It’s probably a little over-optimistic to imagine that the 269 parking spaces in a new CARTA park-and-ride lot under construction off of Rivers Avenue near Otranto Road will fill up soon.
But the project — which is the first of several planned park and ride investments for CARTA — ought to be viewed as part of a longer-term push to court not just riders who need to take the bus to get around the Charleston area, but people who want to.
The new park-and-ride lot will have a covered shelter, bathrooms, lighting, security cameras and other features that make it more than just a patch of asphalt. Indeed, it’s expected to have more amenities than the average bus stop by a long shot.
And it replaces an ad hoc park-and-ride lot at a former Kmart nearby that had been the system’s most popular such location by far.
Combined with the fact that CARTA has recently upgraded all of its express buses, the new lot will ideally help entice a key but tricky rider demographic — people who have cars.
One obvious advantage of park-and-ride is that the North Charleston lot is free, whereas parking in some garages a few miles away in downtown Charleston can cost the equivalent of working a couple of hours at minimum wage.
In fact, parking prices helped boost the popularity of CARTA’s other recent ambitious experiment with park-and-ride. Riders can pay $5 per day to park in a lot in Charleston’s Upper Peninsula and ride the free HOP shuttle on a loop that goes as far south as Broad Street.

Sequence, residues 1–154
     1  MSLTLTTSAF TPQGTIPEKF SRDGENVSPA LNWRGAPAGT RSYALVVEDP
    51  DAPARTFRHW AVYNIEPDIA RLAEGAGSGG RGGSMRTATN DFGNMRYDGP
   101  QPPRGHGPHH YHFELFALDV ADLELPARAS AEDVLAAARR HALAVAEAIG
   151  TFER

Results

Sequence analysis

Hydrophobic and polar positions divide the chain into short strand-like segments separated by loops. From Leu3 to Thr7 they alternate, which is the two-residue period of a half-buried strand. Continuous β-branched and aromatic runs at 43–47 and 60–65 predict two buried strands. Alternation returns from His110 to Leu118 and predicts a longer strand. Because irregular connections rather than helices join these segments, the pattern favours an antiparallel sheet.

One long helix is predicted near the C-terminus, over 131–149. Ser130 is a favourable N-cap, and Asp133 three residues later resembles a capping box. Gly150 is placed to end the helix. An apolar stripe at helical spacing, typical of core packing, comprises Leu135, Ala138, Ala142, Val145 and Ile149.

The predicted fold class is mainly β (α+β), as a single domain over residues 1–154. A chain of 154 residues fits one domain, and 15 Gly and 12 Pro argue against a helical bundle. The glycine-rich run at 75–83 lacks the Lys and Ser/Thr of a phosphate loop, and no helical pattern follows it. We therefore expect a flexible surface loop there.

The service opened last year and has so far mostly exceeded expectations, raising the hope that similar efforts could take some of the pressure off of low- and middle-income commuters who work in downtown Charleston but struggle to pay for parking.
The new Rivers Avenue park-and-ride lot is also well-located to tie into a planned bus rapid transit route that will connect Summerville and downtown Charleston.
Unlike the traditional CARTA system, that transit line’s traffic-beating capabilities — buses will operate in a dedicated lane — ought to make it a truly enticing alternative to car commuting, especially during rush hour.
But bus rapid transit probably won’t be enough to convince masses of Charleston area residents to ditch their cars entirely, so park-and-ride will be an important part of the system’s success.
The new park-and-ride lot will also serve as a base for commuters who want to carpool.
It’s worth attempting in the future to use existing parking space — there is lots of underused asphalt along Rivers Avenue — rather than building a new lot. Doing so will require openness and generosity from business and property owners, who in exchange stand to benefit from increased foot traffic.
The extremely long-term goal should be a transit system that dramatically cuts down on the need to drive in the first place.
But for now, park-and-ride is a crucial way to better connect car owners and CARTA, and that’s a logical next step toward a more robust bus system — one that works for more Charleston area riders.